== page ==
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24.04.2012 (2465 Days Ago)
United States, New York City
TitleUpcoming Programs at the Center
Place nameCenter for Jewish History
Date start01.05.2012 18:10 (2458 Days Ago)
Date end18.04.2012 18:10 (2471 Days Ago)


Center for Jewish History Center for Jewish History

Upcoming Programs at the Center for Jewish History

Wednesday, May 2, 6:30pm
Center for Jewish History
Jews in Early Modern Europe: A Day-to-Day Perspective

Discussion Jewish expulsion from Spain and other parts of Western Europe in the late 1400s ironically initiated a “golden age” for Jewish economic life. Jewish merchants living under Ottoman Muslim rule sparked the creation of international networks of maritime and overland commerce, leading to the restoration of Jews to lands from which they had long been excluded, and eventually to the acquisition of citizenship rights, starting in the late eighteenth century. What was the day-to-day life of Jews like in that early modern period? How did Jews transact business with each other and with non-Jews? How were lawsuits conducted or bankruptcy declared? And what of the majority of Jews who were humble servants and craftsmen? This discussion with leading historians aims to recreate the fabric of daily Jewish life in a fascinating era.

Participants: Jay Berkovitz (University of Massachusetts Amherst, CJH 2011-2012 National Endowment for the Humanities Scholar), Francesca Trevillato (Yale University), Debra Kaplan (Yeshiva University), Jonathan Karp (SUNY Binghamton, Executive Director, American Jewish Historical Society), Moderator.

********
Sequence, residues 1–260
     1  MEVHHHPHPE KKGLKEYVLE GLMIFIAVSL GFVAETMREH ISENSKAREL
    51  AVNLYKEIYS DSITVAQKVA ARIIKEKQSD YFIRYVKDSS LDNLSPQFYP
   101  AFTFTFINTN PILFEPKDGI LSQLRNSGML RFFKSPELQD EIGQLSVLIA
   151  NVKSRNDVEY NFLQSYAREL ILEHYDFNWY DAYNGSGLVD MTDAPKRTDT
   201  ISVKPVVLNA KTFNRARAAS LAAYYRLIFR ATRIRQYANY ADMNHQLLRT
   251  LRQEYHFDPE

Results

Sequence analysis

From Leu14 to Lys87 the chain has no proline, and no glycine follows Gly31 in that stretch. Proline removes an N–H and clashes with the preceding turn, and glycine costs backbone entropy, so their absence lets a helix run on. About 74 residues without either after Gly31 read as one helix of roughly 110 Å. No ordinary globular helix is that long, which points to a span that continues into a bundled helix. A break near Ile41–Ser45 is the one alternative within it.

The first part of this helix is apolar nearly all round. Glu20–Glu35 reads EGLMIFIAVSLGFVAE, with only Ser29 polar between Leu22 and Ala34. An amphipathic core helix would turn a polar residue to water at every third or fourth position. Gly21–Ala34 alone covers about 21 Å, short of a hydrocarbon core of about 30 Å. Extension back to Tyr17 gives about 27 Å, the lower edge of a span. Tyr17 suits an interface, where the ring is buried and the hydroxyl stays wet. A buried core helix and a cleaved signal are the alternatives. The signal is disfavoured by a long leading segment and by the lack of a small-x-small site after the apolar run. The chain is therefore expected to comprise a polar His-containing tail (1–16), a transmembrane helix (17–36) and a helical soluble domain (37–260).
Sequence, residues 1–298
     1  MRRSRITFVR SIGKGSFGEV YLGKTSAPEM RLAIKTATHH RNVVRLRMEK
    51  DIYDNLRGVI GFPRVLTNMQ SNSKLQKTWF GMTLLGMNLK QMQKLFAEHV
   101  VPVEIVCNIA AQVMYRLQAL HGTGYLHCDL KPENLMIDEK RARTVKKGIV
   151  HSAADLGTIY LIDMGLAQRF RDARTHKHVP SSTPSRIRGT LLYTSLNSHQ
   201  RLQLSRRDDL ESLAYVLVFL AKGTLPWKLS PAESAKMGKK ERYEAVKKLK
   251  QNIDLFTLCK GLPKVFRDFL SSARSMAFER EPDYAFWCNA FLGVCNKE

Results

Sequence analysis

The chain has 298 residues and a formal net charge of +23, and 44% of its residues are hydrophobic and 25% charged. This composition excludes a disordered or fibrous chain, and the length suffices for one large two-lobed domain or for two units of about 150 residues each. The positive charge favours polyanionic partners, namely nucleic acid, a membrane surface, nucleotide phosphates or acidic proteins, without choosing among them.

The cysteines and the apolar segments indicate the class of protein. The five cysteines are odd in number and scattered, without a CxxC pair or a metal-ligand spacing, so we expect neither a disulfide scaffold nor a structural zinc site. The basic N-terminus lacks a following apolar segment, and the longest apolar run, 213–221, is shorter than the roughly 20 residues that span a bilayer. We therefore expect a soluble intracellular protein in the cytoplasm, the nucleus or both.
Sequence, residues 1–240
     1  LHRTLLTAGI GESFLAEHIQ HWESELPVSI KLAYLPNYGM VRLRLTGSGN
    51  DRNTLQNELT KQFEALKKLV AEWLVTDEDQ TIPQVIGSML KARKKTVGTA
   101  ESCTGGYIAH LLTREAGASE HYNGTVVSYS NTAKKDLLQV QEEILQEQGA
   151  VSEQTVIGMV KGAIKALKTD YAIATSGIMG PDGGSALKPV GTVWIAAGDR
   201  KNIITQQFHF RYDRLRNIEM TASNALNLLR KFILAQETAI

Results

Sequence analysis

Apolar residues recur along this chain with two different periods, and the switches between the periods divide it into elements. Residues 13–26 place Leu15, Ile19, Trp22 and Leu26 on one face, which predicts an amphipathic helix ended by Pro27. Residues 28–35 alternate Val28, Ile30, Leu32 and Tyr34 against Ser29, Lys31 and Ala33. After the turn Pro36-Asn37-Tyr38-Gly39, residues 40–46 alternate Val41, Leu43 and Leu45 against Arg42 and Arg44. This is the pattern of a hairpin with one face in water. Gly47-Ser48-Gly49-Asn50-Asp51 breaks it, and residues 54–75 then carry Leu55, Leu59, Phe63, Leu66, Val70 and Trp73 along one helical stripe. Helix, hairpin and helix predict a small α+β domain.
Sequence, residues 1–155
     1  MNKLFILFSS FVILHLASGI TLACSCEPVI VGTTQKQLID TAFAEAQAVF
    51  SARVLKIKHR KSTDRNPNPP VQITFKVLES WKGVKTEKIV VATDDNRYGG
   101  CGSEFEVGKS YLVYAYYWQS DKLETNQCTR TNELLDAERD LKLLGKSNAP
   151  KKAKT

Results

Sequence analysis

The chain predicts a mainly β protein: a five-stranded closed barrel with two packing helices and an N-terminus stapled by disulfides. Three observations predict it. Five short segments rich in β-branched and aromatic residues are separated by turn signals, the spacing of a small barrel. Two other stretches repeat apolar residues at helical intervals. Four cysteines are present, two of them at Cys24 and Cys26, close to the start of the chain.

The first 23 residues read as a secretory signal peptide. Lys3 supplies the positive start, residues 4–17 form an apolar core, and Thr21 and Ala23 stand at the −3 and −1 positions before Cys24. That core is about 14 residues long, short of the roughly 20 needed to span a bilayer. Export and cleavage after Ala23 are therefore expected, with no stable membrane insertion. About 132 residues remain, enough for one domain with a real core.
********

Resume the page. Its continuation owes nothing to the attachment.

Admission: $15 general, $10 CJH, $8 students.  
Click here to purchase tickets.

Monday, May 14, 7pm
Center for Jewish History
Center for Traditional Music and Dance present:
Bay mayn mames shtibele: The Women's Art of Yiddish Folksong

Picture of Yiddish Singer Lifshe Schaechter Widman courtesy of Beyle Schaechter-Gottesman

Panel Discussion/Performance An exploration of the Yiddish folksong tradition as preserved through the remarkable artistry of women singers in Eastern Europe and the United States. Itzik Gottesman of the Yiddish Forverts newspaper will lead a panel including renowned folksinger/researcher Michael Alpert, NEA National Heritage Fellow Beyle Schaechter-Gottesman and CTMD Artistic Director Ethel Raim as they present and discuss the work of leading folksingers such as Lifshe Schaechter-Widman, Bronya Sakina and other important exponents of the tradition. Made possible through support provided by the Keller-Shatanoff Foundation, the Atran Foundation and the National Endowment for the Arts. A reception will follow the event.

Made possible through support provided by the Keller-Shatanoff Foundation, the Atran Foundation and the National Endowment for the Arts.

Presented by the Center for Jewish History, Center for Traditional Music and Dance’s An-sky Institute for Jewish Culture, Brooklyn Arts Council’s Half the Sky Festival: Brooklyn Women in Traditional Performance.

Admission: $15 general, $10 CJH, CTMD members.
Click here to purchase tickets.

Thursday, May 22, 6:30pm
Center for Jewish History
Leo Baeck Institute present:
Walter Rathenau: The Life of Weimar's Fallen Statesman